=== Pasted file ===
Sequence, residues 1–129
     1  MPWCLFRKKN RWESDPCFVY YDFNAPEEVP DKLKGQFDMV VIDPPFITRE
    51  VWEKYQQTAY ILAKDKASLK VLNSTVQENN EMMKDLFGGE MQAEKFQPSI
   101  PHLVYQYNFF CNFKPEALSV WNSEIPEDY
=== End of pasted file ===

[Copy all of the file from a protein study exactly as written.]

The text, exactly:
Sequence, residues 1–129
     1  MPWCLFRKKN RWESDPCFVY YDFNAPEEVP DKLKGQFDMV VIDPPFITRE
    51  VWEKYQQTAY ILAKDKASLK VLNSTVQENN EMMKDLFGGE MQAEKFQPSI
   101  PHLVYQYNFF CNFKPEALSV WNSEIPEDY